Hedge Funds Are An Even Worse Investment Than Before

Stocks Continue Downward Slide On Heels Of Yesterday's Extreme Fall
NEW YORK, NY - AUGUST 25: A trader is reflected in a market screen on the floor of the New York Stock Exchange (NYSE) on August 25, 2015 in New York City. Following a day of steep drops in global markets, the Dow Jones industrial average rallied early in the day only to fall over 200 points at the close. (Photo by Spencer Platt/Getty Images)
Spencer Platt—Getty Images

Hedge fund managers are some of the craftiest investors on the planet. But the benefits of their skills don’t, on average, accrue to the folks who actually invest in hedge funds.

That’s because after hedge fund managers take their hefty fees, investor returns, on average, don’t beat the market. As my colleague Roger Lowenstein wrote back in May, “The mystery of hedge funds is that their managers earn so much while (on average) their performance is so mediocre.”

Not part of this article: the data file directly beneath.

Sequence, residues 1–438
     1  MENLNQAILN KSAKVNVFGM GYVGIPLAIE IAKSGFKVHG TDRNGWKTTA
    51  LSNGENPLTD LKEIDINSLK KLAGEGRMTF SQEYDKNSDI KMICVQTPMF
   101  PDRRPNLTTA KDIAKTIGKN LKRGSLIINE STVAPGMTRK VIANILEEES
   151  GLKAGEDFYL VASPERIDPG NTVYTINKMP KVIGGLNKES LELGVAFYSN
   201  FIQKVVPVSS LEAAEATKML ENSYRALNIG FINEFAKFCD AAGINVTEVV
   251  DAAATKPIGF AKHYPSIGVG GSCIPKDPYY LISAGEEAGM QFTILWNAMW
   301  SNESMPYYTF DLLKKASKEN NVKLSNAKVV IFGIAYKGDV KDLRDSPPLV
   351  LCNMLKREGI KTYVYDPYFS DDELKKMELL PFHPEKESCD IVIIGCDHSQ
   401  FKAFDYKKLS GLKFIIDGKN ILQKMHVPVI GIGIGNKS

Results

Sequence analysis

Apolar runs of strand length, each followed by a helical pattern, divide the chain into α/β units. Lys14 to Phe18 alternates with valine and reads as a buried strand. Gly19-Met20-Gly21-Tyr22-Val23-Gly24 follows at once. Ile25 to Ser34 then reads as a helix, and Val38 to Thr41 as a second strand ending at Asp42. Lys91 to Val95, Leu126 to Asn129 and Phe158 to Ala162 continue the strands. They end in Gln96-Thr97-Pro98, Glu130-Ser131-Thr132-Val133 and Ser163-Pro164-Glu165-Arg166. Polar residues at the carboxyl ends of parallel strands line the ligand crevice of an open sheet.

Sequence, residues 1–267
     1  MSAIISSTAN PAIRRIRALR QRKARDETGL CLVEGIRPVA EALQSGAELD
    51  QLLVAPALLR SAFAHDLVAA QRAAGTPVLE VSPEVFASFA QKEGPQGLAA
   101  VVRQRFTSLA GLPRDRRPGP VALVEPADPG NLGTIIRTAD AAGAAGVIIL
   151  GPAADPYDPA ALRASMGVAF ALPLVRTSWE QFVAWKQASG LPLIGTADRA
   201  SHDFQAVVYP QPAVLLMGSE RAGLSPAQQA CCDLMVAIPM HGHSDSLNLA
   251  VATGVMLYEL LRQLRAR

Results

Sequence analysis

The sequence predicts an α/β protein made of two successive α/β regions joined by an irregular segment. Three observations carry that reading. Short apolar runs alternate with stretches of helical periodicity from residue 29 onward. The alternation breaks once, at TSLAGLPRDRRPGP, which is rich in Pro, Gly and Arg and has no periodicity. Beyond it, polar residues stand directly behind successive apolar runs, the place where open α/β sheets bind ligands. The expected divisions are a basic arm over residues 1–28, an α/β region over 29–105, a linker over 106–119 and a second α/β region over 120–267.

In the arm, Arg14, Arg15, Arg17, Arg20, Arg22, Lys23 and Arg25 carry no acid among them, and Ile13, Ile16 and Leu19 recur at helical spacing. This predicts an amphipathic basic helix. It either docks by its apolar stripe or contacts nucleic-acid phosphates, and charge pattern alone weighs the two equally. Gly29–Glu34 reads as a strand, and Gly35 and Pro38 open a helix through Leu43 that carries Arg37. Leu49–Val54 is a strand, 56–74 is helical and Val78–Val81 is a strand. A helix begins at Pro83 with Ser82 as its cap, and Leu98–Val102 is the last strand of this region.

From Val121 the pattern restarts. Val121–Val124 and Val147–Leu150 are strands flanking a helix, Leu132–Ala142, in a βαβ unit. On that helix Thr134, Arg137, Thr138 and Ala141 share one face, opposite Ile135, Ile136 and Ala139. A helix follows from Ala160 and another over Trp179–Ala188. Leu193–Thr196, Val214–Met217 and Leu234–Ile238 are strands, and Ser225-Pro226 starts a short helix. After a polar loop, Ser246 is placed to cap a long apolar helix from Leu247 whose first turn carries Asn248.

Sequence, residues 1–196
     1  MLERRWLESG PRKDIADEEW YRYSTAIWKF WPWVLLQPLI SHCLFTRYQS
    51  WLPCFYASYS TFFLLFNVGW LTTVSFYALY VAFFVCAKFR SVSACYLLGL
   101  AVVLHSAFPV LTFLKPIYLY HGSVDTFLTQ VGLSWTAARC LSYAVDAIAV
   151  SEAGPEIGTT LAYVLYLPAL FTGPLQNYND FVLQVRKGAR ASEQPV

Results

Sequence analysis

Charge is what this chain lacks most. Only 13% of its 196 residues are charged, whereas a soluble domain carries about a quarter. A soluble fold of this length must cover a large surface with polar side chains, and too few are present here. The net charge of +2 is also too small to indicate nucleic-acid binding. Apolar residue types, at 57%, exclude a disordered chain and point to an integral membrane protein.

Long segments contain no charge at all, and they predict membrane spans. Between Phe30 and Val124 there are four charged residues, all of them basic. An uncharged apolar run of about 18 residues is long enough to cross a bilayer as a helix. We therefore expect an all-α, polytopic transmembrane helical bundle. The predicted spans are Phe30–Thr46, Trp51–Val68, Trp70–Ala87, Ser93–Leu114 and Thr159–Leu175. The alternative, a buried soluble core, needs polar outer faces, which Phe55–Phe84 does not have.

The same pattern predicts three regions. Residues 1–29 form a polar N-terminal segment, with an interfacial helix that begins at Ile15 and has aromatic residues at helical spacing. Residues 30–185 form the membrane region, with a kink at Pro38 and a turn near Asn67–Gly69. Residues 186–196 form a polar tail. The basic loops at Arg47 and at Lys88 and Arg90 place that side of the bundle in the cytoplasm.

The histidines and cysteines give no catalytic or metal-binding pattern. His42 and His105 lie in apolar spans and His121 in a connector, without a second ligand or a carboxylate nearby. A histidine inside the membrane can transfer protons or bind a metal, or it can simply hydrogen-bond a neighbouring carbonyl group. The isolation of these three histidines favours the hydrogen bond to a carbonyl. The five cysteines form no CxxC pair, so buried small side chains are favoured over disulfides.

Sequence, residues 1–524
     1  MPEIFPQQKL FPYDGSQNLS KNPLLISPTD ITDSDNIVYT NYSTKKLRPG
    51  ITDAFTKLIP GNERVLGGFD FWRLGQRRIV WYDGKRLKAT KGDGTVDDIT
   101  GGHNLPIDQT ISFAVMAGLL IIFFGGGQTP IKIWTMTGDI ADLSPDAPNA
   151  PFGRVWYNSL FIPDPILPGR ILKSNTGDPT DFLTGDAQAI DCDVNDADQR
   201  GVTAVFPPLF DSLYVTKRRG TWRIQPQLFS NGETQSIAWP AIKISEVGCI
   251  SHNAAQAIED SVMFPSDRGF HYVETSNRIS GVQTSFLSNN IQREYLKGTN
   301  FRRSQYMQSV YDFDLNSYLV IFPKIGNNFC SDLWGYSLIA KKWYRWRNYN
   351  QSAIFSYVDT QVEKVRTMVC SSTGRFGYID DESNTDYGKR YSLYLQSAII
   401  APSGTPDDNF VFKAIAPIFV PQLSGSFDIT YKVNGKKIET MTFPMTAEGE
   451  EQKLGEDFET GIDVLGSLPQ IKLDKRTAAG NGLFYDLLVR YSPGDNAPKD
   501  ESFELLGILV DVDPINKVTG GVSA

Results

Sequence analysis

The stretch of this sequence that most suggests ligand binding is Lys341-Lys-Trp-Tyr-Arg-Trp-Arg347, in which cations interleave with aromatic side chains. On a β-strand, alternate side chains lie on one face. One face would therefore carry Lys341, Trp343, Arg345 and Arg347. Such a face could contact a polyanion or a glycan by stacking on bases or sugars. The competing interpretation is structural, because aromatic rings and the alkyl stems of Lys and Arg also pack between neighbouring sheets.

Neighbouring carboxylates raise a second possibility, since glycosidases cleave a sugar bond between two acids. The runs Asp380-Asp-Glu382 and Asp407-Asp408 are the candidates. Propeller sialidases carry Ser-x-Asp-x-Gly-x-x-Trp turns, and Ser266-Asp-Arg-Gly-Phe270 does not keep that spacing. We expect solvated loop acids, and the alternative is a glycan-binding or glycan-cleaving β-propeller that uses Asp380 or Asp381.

He points out that over the past five years, hedge fund returns have averaged just under 5% per year, roughly one-third of the S&P 500’s performance over that same time. “Meanwhile, Institutional Investor reported that, in 2014—the sixth straight year of hedge-fund underperformance–the managers of 25 of the largest funds earned $11.62 billion, almost $500 million apiece,” writes Lowenstein.

But, for some reason, savers continue to pile money into these funds to their own detriment. And according to a report released on Friday from Hedge Fund Research—a hedge fund analysis firm—the performance of these pricey investment vehicles has taken a turn for the worse.

The HFRI fund composite index, which tracks global hedge fund performance, fell by 4.2% in the third quarter of 2015, the worst reading for the investment class since the third quarter of 2011.

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